Generally speaking engineered timber products are not your standard “cut pieces of tree”, but are small pieces of timber, glued back together in interesting ways. Doing this improves the structural consistency of the timber, as defects can be removed and perfectly straight beams produced. This consistency means the strength can be very accurately determined, but also that construction is simple as everything is straight.
Tru Pine is an engineered plain beam, meaning the profile of each member is a regular rectangle. It is grown in FSC certified forests (which is a way of describing the sustainability of the product) cut and glued into a range of sizes, then treated with a Light Organic Solvent Preservative, to stop termites and rot. But the thing I really like about it is that it comes with span tables.
Span tables are what you use to determine what size beam is required for a certain distance, or span. The key distances when ordering your structural timber, as discussed above, are the distance between bearers (determining joist profile) and the distance between posts (determining bearer profile).
Using the link above, page 18 has spans for “Deck Joists”. I needed to span 1.8m, with a joist spacing of 450mm. The correct joist profile then is the one that allows a span of greater than 1800mm; in this case 138x42mm. As you’ll see in the tables, I could have gone all the way out to a 3.6m span by ordering a larger profile. The joists are then ordered for the full width of the deck, at 3.6m long.
Repeat for bearers. Add fasteners. Order. Our local supplier had all this material to me the next day, with free delivery.
The boards are recycled Blackbutt, mostly from houses being demolished in the local area. All hardwood (which was also used in the roof) was supplied by recycled timber specialists Thor’s Hammer. I’m a big fan of their work and extremely happy with all the wood used here.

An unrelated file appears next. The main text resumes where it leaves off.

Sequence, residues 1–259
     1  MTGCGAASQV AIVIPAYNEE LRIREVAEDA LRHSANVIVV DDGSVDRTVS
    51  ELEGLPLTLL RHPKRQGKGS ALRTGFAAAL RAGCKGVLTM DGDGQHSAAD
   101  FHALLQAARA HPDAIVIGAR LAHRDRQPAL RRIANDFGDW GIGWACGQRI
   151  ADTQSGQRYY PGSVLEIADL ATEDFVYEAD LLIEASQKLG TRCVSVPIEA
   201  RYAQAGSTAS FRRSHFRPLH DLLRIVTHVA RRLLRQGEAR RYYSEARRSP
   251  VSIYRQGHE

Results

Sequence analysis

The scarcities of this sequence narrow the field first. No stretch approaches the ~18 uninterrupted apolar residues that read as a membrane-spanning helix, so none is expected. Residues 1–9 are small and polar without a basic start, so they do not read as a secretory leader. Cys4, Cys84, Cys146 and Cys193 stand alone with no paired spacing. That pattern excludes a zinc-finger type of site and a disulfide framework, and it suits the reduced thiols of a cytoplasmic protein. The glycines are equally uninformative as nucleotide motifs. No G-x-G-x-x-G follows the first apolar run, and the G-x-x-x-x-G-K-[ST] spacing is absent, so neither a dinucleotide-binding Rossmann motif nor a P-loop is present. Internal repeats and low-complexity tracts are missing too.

I used gal-dipped bolts throughout the structural section; preferring bolts and nuts to attach the bearers to the posts, as this is significantly stronger than coach bolts which screw into the timber.
The post stirrups are a pretty standard hardware item, with a few different mounting configurations available.
To secure the boards to the structure I went with stainless steel screws. Stainless isn’t really a great material for screws, as it’s quite soft, meaning a lot of stripped heads while trying to drive them in. But, as this will be seen all the time, I did it for aesthetics, with a plan to use bright metal in the roof structure (which would also be visible) and match the whole lot together.
Beyond the standard things like drills and hammers a couple of specialist tools will make your life a lot easier.
Drop-saw/Mitre Saw – I wasn’t going to use one initially, but after about 6 boards I decided it was mandatory. As good as I am with a hand saw, and I use it for almost everything, it is impossible to cut two perfectly square ends on the boards so that they butt together neatly. Also, hardwood boards require a lot of work to cut, and for a deck this size there are as many as 200 cuts to be made. Spend the money or borrow one. It’s worth it.
A good screw-driving drill – I used a $50 supermarket drill that I’ve had for years, and it went “okay” but could have been a lot better. I used more than 2000 screws, and driving screws requires a lot of torque. This drill didn’t have any sort of clutch or ratchet mechanism, so each screw had to be judged by eye. That wasn’t a problem in itself, as a clutch wouldn’t have been that effective, due to the variance between boards and therefore the variance in resistance. What you want to avoid is injury, as the torque reaction gets taken up by the soft bits in your wrist and hand, and I was feeling it after a couple of days. If I was rich I’d buy one of the specialised screw-driving drills with mechanisms designed to stop specifically that problem. ~$400
The cheap drill caught on fire while driving the roof screws.
Counter-sunk drill bit – Use this for board holes. I was actually given the wrong size, which I persisted with because I was too stubborn to go back to the shops. The bit should be big enough to drill a clearance hole in the board (so the shaft of your screws don’t interfere with the boards) and just long enough to go through the board. There are a few of these available now, called Magic Bit or Smart Bit. It’s just a thin drill with a counter-sinking bit on the end. Simple, but very useful.
Long Clamps – Something like this: http://images.toolbank.com/images/full/Q-G546EL7.jpg
The boards will warp a little side to side; use these to pull them into position, then drive a screw in to hold it.